Working from home is awesome. Here’s how to excel at it

Be careful! You might enjoy it.
Be careful! You might enjoy it.
(L.A. Times illustration)

I love working from home.

I learned this week that this is apparently a controversial stance. The unfolding coronavirus crisis is forcing many of us to work from home in an effort to help stop the spread. Not everyone greeted the news with a cheer. And that’s how I learned there are some people who claim to enjoy putting on work clothes and packing a sad desk lunch and battling morning traffic. Not me.

I’ve had jobs where I worked from home full-time, and jobs — like the one I have now — where I normally work from home every once in a while. I don’t want to brag, but I’m pretty good at it.

A lot of the “how to work from home” guides popping up this week seem to assume no one has ever pulled out their laptop to check their work email from home before. I trust you know the basics. So here are some tips to work from home more efficiently, stay connected with your colleagues, and maybe even enjoy yourself a little bit.


1. Sleep later.

How long is your commute? And how long is your pre-office morning routine — selecting an outfit, doing your hair, figuring out what you’ll eat that day and deciding whether to pack a gym bag? Add that time up, and then set your morning alarm back by that amount of time.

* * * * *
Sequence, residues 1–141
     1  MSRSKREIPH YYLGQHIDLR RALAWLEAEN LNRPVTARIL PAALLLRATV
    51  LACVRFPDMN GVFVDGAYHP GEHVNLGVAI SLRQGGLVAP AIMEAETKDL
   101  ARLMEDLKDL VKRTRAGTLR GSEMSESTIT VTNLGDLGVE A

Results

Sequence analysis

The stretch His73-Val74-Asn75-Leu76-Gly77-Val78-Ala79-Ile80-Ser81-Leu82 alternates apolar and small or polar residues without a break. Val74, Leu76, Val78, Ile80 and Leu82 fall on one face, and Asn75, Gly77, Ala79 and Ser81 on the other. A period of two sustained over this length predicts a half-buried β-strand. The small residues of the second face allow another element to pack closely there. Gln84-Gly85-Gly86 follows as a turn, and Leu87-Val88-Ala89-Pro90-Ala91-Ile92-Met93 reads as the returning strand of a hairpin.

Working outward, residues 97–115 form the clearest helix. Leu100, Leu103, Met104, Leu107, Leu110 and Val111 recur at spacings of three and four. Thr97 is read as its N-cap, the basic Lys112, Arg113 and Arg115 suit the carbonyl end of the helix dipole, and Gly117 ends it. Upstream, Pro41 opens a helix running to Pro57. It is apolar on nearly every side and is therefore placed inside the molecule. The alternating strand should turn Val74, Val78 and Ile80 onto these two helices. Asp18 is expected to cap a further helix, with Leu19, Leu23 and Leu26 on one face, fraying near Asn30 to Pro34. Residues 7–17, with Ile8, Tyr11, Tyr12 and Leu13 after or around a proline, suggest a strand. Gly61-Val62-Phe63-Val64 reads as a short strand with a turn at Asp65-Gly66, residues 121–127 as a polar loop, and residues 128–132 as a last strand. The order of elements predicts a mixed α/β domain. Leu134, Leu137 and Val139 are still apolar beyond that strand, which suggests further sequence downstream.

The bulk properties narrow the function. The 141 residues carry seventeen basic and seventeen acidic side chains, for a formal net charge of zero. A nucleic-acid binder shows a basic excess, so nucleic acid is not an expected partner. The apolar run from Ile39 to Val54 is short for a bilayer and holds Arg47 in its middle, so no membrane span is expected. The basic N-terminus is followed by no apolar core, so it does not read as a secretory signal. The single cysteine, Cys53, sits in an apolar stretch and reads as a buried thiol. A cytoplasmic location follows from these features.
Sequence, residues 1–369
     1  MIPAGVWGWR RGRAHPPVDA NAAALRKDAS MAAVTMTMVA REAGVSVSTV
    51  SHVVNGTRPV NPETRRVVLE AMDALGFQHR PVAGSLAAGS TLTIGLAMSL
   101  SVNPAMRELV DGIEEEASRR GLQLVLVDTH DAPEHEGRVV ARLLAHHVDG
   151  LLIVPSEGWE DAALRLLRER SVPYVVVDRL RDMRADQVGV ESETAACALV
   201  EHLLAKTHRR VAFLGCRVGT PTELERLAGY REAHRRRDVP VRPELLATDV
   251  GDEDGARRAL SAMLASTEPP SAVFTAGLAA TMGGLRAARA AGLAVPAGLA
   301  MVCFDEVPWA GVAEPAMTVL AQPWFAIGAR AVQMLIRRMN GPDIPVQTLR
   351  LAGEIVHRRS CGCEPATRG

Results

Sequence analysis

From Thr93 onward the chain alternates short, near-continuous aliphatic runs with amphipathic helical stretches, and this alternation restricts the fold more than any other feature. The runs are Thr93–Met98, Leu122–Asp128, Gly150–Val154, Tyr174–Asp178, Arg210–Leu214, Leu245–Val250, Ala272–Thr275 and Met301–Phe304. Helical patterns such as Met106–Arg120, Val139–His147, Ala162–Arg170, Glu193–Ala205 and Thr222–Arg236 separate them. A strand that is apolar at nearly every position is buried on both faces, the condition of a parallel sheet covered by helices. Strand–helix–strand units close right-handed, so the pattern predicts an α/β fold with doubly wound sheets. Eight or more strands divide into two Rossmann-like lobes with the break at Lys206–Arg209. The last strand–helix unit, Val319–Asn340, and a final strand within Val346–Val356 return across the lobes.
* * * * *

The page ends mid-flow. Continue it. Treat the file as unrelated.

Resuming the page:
Here’s what you actually need to do before you start working from home: Be physically conscious and in front of a computer. That’s it. I am firmly on team “only get dressed if you want to.” I get up, start the coffeemaker, wash my face, brush my hair, put on a different T-shirt than the one I slept in, make up a bowl of cereal and a cup of the aforementioned coffee, and take it to my desk. And so my workday begins.

There is no reason to “maintain your normal routine” and not take advantage of this opportunity for extra sleep. Plus, getting those critical extra Zzzs can help keep you from getting sick. Sleep in later — for your health.

2. Set up your desk.

Whatever space you’re going to be working from at home, clean it. Normally, my desk at home has a bunch of bills I need to file, a few bottles of nail polish, a couple of books, some mail and a handful of old newspapers. If you are like me, mend your wicked ways. Make your home desk (or kitchen table) feel like your work desk. Have everything there that you’d have at work: a phone charger, a box of tissues, a water bottle, a mug, pens and paper.